Installation

As much an art as a science, proper slate installation blends the mechanics of waterproofing with the aesthetic and creativity of an artist.

installationMaster Slaters in Europe train for years to earn their credentials, much like a Master Electician or Master Plumber would here in the US. American roofers don't have access to "slate schools" like you'd find in Europe, but most US roofers proficient in slate have decades of experience and learned from their fathers or grandfathers. An experienced and adventurous do-it-yourselfer can certainly tackle many types of slate installation, but it will take plenty of forethought and patience. There are no "instruction booklets" or directions printed on the label. The US slate industry operates on years of tradition and experience, it is a welcoming community eager to share knowledge and bring new people into the fold.

Below are a few introductory thoughts on slate installation, but please feel free to call our office with questions. While we are not professional slate installers we are happy to share what we do know, and if we can't help we'll put you in touch with someone who can.

If you are interested in learning more about slate installation, we recommend The Slate Roof Bible by Joseph Jenkins and The Slate Book by Brian Stearns, Alan Stearns and John Meyer. More information about these books can be found in our Resources section.

Additionally, the National Slate Association (NSA) has recently completed a thorough re-write of their 1926 book, Slate Roofs: Design & Installation Manual.  The 2010 edition is a great resource for the entire industry. Thank you to all the folks at the NSA for their work on this important project.

Installation Basics:

Be sure to shuffle and mix slate from several pallets, and on large jobs, from different truckloads prior to installation. Even when produced from the same quarry, and at the same time, there can be subtle differences in color, thickness or texture among pallets or truckloads. By comingling slate from several pallets, any subtle variations in the slate get distributed throughout the roof creating the beautiful natural stone look that slate is famous for.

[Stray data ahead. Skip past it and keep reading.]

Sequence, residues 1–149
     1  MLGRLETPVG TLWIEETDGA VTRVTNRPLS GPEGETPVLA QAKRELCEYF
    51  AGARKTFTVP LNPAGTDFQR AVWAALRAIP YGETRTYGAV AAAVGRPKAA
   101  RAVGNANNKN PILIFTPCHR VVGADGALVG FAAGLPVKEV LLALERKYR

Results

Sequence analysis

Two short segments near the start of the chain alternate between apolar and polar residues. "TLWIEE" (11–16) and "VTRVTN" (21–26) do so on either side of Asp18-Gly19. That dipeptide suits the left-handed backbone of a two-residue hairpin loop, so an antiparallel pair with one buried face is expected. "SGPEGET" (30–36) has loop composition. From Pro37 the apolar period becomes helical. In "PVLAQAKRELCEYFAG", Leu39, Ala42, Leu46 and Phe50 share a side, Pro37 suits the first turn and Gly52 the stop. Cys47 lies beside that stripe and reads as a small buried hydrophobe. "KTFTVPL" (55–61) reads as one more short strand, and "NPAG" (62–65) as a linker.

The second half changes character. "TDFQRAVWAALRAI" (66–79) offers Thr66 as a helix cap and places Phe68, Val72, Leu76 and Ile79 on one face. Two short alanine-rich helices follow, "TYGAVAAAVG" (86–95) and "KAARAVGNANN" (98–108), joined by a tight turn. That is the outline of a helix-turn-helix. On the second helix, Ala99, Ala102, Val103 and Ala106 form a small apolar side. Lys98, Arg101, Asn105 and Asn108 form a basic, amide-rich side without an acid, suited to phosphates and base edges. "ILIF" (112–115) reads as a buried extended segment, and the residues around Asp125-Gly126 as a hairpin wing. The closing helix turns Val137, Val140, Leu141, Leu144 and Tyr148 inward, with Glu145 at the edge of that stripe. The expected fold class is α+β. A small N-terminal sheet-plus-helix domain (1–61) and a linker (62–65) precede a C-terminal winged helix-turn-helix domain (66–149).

Roofing slates are typically fastened to a roof deck with nails and we recommend #10 gauge smooth-shank copper nails on a wooden deck for a number of reasons. Copper nails are in keeping with the longevity of a slate roof and the smooth shank is forgiving in those inevitable moments when you need to pull a nail or use the slate ripper. If the roof deck is a harder surface (concrete for example) stainless steel nails may be required. In all cases the slates should hang from the nails such that they have some freedom of movement and the head of the nails should not stick up above the surface of the slate. Sometimes slates are installed with slate hooks – certainly this is the most common method when making repairs.

Tools specific to the task of installing slate include a slate hammer, a slate ripper and a slate cutter.

A regular claw hammer will work, but lacks some of the features of the slate hammer, most notably, the "pick" or pointed end that is handy for punching holes in slate when needed. There are other ways to put holes in slate: drill them with a 3/16" masonry drill bit, or punch them with a nail or punch. A mason's hammer can approximate a slate hammer, but the "pick" should be ground finer to facilitate clean punching.

The slate ripper, used for repairs, is absolutely necessary, even on a new installation. You WILL need one. If you don't know how to use a ripper, then read "Slate Roof Repairs" by Les Gove .

The slate cutter is the handiest way to trim slate. It's fast, accurate and leaves the same chamfered edge as the quarry slate trimmers. Again, there are other ways to cut slate, but most rely on the skillful use of hand tools by an experienced slater. Trimming thick slates present a challenge and often requires the use of a power saw to score a line to initiate the cut.

For a more detailed discussion about installing roofing slates see the articles, books and videos available in the Resources section. If you can't find what you need, give us a call, we are here to help. If we can't answer your question, we can certainly put you in touch with someone who can.

 
address

Office:

363 VT Rt. 30 S
Poultney, Vermont 05764

telephone

Phone:

802-287-2295

toll free phone

Toll-Free:

1-888-NE-SLATE

toll free phone

Fax:

1-802-287-2296

email

Email:

info@neslate.com